Cannot

I suddenly feel I cannot go on. I will call in sick to work tomorrow. I just can’t do it. I’ve felt exhausted all day and didn’t get groceries or much else done. Though I did get my new couch set up, and i’m happy about that. I did go to church. I get something out of services, but I feel socially like a failure there. I did try and meet the eyes of the two women sitting in my area, but they wouldn’t meet mine. I felt I wanted to have a conversation, but I couldn’t bear small talk, I just couldn’t. So I decided coffee time is not for me. The minister and one of the wardens do kind of reach out to me….I feel like they’d like to know my story. Just I’d have to go up to them and start talking, and it’s difficult. I don’t go there that often. They’re a very small congregation, so want more members. I like that they’re small. They’re super left leaning, for a church. For instance today, they showed a video of the congregation’s views on the necessity of gay marriage in the church. I’m all for it. Just they seem a bit behind the times…that issue is so commonplace to me, I don’t know, shouldn’t they have resolved it and moved on by now? If Christ welcomed all, how can the church exclude so many? The whole debate feels so quaint and old fashioned to me. So maybe I don’t get Christianity as practiced by the church.

I want to be able to cope. I’m supposed to take my son out to dinner and can’t face it. What is wrong with me.

It’s like a huge greyness. Maybe it is ‘depression’. Just a hopelessness and fatigue. I do feel though if I could just get enough rest, I’d be better. But then, rest never comes. I am so revved up and tense, that I wake up after a few hours sleep, obsessing about details at work. Then I can’t fall back asleep without a pill.

Or maybe it’s withdrawal from Xanax? I’ve been taking one pill at night when I wake, because it works, and I don’t have a hangover from it. But I don’t want to take it every day. But every day it seems is like an emergency, so I’m taking this stuff. Last night I didn’t take any. Could I have withdrawal symptoms from that? It is the lowest dose, but I’ve been careful to not take it every day, before this job stress hit.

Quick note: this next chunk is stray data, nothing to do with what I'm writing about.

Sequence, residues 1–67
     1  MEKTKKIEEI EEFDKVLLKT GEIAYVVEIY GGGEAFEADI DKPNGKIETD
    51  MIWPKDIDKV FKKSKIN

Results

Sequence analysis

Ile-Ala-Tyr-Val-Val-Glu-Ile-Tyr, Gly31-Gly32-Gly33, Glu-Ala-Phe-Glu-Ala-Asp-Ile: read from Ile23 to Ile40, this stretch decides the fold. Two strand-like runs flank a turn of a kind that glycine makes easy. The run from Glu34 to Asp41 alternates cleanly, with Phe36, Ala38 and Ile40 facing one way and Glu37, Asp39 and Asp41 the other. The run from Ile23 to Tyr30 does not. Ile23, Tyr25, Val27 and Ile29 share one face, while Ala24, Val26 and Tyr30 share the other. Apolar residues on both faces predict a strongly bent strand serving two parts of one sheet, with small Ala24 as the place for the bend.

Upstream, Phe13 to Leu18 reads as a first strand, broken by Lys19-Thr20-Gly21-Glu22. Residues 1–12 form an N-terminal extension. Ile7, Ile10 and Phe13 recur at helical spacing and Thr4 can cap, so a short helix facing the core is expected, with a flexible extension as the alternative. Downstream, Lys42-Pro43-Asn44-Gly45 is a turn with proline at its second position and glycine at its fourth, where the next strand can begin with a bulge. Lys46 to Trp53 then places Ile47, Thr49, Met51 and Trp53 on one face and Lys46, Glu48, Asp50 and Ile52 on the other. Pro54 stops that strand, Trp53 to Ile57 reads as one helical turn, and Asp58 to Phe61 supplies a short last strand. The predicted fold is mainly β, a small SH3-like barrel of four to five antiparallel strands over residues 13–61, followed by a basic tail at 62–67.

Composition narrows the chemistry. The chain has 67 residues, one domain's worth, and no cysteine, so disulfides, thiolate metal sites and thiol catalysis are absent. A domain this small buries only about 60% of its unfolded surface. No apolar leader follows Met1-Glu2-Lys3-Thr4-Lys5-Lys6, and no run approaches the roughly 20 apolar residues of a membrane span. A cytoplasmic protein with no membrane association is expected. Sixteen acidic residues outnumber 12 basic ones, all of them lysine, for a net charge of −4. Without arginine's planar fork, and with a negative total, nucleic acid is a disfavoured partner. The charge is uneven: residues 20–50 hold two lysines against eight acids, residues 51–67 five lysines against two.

I want to cope. I really really do. Making a living is so important to me.

If I could articulate what’s wrong, maybe it would help. It does seem as if my body and mind have gone a bit haywire. I’m used to needing lots of downtime. But this is downtime all the time.

I’ve been reading a book by Erich Fromm – The Art of Listening. Nice title, eh? I like it anyway. Nice black and white photo of Fromm in profile with his head bowed a bit, presumably listening.

I enjoy the book. But towards the end, he starts ranting a bit. And of course, I take it personally. That people should not be obsessed with their own problems, but take an interest in the wider world. Read great books. Listen to classical music. Study art.

And I feel that yes, I should do these things, and stop obsessing about my problems. If only I had the energy to devote to the study of art. And didn’t need to lie down all the time. And was able to work without it exhausting all my resources.

So for that part of the book, I feel Fromm is unsympathetic. I am reading along, picturing him as this kind analyst, wishing to listen….and then, bam, he starts criticizing his patients for not having a wider view.

I hope you are all well. I am grateful for my couch and the friend who helped put it together.

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18 comments
  1. leb105 said:

    Hang in there, E! You did a lot of good things despite the difficulty. You’re getting stronger. Things will get better, soon!
    Thoughts are only thoughts. Feelings change – even if you do nothing at all! that’s what I’m finding…

    • Ellen said:

      Thanks Laura. It’s true – this too shall pass. So easy to forget. I appreciate the encouragement.